Both the Duke and Elisabeth remark on King Louis XIV as a great leader.  Elisabeth says as the king would host the elders within the elite, he would listen and present reason for continued stay at Versailles.  She remarks on how most of the clergy could spend their time in activity at Versailles rather than at work in Paris.  The duke says that of all the member in the court each was mortified of private walks with the king;  his power and glory always kept them a heel.  The Duke says how the tell tales and dramatists were countless in the court due to the king’s public demeanor.  Furthermore, these that were spying private affairs and public scrutiny were not put aside by the king but addressed formally and harshly.  King Louis XIV always had a remarkable hand in all instance of the court; the way he led the court was the same as he led the country.

Of his greatness, King Louis XIV is recalled as familiar with everyone in the court.  He presented himself kindled with the servants and especially the valets, according to the Duke.  Elisabeth said that of all the elite men in France, the king was of politeness that was greatly restrained.  This means that the king was naturally polite and enjoyed being polite.  They both say that he was not a king that one did not see, he was always around fondly presenting himself in the company of the court.  The duke relates the esteem of the court to their king almost perfectly.  He says he chose Versailles, originally an unattractive swampland, and transformed the natural landscape completing it with treasures and art.  He then goes on to compare this choice to the transformation of the court at the end of his life.  Any skeptic who ever appears to doubt the king transforms into a loyal member of the court.  King Louis XIV was highly esteemed by the court as a whole and on the individual level.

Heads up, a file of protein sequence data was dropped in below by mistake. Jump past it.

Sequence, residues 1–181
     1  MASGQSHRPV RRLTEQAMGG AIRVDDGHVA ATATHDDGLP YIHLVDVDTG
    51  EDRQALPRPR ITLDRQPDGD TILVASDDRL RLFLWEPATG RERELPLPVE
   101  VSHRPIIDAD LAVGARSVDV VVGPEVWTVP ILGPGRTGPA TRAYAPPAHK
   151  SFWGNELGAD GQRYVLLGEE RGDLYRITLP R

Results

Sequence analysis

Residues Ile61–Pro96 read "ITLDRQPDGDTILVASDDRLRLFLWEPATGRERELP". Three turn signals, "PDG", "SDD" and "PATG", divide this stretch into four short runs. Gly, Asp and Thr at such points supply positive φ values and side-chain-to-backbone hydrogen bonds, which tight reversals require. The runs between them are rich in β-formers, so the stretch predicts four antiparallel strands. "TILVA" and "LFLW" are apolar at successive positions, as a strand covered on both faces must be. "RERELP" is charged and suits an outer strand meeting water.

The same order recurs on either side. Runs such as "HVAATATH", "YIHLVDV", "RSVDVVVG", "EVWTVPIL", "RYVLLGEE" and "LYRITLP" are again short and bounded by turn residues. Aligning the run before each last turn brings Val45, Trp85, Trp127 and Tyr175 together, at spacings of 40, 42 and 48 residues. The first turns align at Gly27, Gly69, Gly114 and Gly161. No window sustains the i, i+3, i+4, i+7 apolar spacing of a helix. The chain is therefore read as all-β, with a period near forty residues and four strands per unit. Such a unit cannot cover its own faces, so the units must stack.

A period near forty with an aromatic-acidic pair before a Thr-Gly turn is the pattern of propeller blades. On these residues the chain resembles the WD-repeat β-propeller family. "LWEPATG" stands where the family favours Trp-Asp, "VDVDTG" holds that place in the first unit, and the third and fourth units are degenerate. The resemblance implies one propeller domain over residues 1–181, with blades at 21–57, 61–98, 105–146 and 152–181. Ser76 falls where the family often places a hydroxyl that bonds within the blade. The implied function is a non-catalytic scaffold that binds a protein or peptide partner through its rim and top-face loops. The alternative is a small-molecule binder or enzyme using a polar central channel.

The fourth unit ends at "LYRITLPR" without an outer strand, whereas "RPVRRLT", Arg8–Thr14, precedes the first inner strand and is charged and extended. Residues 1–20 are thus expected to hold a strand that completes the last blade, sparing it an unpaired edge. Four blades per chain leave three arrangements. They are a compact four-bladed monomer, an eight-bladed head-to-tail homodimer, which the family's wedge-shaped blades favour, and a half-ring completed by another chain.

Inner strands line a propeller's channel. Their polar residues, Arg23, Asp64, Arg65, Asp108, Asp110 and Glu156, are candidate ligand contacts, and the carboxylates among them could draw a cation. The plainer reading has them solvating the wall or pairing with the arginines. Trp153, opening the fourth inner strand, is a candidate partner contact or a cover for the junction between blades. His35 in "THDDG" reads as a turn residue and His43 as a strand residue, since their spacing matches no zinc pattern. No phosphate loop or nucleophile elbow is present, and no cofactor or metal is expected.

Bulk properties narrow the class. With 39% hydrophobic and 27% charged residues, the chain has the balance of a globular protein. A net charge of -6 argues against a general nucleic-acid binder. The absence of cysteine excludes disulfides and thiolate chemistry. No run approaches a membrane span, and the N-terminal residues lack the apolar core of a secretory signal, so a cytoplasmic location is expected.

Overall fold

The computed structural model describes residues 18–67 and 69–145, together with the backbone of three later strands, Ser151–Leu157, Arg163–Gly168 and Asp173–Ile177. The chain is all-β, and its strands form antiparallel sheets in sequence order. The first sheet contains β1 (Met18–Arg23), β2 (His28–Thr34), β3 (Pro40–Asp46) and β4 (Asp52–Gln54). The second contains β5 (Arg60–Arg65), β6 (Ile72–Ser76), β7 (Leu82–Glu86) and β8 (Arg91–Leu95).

In the comparison of the luxury of the court and the esteem of the court, there is a reflection between King Louis XIV and the court at Versailles.  The court was perfectly tame as was the king with respect to his work ethic.  Versailles was abundant in reserves as was the king with his power.  Each construction at the court was unique as the king wanted and the king himself was a unique reflection of the court.  Elisabeth spent several journal entries on contemplating how the court at Versailles was the king’s work.  Her overall conclusion was that the court was as great as is possible, and she could only consider the king to be as great as well. 

Greatness can rarely be measured in words, but the Duke and Elisabeth tried to express the king in the greatest of measurements.  The luxury of the court expands their journals page after page.  Admiration of the court was not the only admiration, as they held the king in highest esteem in their discourse.  This demonstrates the necessary reflection and the remainder of their journals.  Each journal spoke fondly of their time in the court at Versailles and with King Louis XIV.


Charlotte, Elisabeth.  Duchesse d’Orleans.  Letters of Liselotte von der Pfalz, 1652-1722

  • Translated by Elborg Forster in A Woman’s Life in the Court of the Sun King. 1958

Memoires de Sanit-Simon, ed. By A. Chereul (Paris, 1857), XII, 452-458, 461-471.

  • Appearing in A Century of Louis XIV, written by Ranum, O. 1972.